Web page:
Several errors in grammar, tense agreement, or other sentence structure elements. Some words used that are unclear or should have been explained.
Minimal errors in grammar, tense agreement, or other sentence structure elements. Occasional word is unclear or unexplained.
Writing is grammatical. Words selected create sentences that are clear, varied, complete, and uncluttered. Words are explained when necessary. Tenses agree, as do subject-pronoun, subject-verb, and pronoun-reference.
Audience Voice Tone
Unacceptable deviation from formal language and word usage.
Significant deviation from formal language and word usage.
Some deviation from formal language and word usage.
Minor deviation from formal language and word usage.
Writing is directed toward an academic audience and is free from clichés, jargon, inappropriate colloquialisms. Diction is formal, avoiding I and we, slang, and contractions.
Unacceptable number of errors in spelling, punctuation, capitalization, abbreviation, and numbers.
Multiple errors in spelling, punctuation, capitalization, abbreviation, and numbers.
Several errors in spelling, punctuation, capitalization, abbreviation, and numbers.
Minimal errors in spelling, punctuation, capitalization, abbreviation, and numbers.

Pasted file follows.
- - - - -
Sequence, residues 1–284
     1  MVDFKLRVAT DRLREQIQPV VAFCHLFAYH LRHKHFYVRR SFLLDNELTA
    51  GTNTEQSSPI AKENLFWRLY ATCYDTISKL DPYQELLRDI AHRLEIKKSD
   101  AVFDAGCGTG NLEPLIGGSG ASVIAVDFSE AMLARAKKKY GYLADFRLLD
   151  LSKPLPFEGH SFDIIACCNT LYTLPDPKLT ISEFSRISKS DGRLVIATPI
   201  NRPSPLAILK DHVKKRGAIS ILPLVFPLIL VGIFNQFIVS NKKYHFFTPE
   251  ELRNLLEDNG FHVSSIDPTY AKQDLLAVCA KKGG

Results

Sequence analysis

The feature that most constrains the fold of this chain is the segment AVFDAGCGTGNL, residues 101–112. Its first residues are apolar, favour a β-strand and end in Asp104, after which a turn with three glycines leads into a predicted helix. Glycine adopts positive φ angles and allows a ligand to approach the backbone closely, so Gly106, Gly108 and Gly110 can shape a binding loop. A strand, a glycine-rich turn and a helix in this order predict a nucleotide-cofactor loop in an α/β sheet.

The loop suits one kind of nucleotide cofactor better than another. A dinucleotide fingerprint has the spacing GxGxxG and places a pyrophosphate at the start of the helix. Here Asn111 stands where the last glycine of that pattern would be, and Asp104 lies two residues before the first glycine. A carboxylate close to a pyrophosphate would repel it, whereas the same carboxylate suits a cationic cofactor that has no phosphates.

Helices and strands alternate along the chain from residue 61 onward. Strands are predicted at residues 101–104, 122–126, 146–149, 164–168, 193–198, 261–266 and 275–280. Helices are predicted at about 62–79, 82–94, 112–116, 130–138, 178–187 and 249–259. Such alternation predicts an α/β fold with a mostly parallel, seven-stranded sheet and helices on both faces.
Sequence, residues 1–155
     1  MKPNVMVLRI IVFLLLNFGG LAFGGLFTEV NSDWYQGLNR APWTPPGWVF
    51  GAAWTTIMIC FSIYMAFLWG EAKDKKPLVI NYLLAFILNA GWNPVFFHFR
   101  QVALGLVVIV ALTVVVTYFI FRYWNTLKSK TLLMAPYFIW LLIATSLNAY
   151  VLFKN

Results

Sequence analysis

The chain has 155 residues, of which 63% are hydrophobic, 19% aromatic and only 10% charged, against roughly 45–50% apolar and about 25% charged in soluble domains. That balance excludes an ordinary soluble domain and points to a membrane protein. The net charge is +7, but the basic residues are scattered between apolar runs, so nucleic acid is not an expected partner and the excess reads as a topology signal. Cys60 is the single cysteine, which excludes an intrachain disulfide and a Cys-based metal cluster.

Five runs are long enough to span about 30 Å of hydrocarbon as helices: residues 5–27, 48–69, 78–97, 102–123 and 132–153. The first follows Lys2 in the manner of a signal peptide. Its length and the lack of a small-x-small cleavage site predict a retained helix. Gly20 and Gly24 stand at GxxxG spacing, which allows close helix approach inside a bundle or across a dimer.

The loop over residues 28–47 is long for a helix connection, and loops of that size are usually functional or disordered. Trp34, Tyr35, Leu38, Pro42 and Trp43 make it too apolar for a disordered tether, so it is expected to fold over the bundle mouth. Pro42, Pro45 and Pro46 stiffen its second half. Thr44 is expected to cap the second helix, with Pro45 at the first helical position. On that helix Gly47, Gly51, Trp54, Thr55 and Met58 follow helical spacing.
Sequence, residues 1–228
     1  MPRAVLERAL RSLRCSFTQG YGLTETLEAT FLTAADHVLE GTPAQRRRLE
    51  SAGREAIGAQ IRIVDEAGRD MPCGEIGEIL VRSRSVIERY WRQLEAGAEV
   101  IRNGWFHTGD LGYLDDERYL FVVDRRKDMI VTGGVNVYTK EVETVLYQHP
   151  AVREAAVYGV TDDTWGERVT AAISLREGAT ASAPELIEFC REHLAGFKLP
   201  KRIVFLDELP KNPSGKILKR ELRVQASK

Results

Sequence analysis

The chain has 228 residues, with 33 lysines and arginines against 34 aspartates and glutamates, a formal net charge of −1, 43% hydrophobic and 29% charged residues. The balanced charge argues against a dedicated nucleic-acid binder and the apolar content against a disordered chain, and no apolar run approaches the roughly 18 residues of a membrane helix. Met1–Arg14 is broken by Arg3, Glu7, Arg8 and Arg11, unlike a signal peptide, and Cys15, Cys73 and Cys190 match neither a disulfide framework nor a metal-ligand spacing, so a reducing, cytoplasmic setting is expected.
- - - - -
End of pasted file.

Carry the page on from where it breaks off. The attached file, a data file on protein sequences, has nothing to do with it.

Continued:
Words are spelled correctly; rules of punctuation, capitalization, abbreviation, and numbers are observed.
Use of Sources
Material from other authors appears to have been cut-and-pasted into text.
Direct quotes often used unnecessarily.
Direct quotes sometimes used unnecessarily.
Material from other authors is credited and used as supporting evidence.
Material from other authors is smoothly integrated into text.
Quotations are limited to statements that are particularly striking or examples in which the source’s precise wording is important.
Unacceptable adherence to APA style.
Many errors in APA style.
Several errors in APA style.
Minor errors in APA style.
Writing, source documentation, and references follow correct APA style.
Created and maintained by Vicky V. Johnson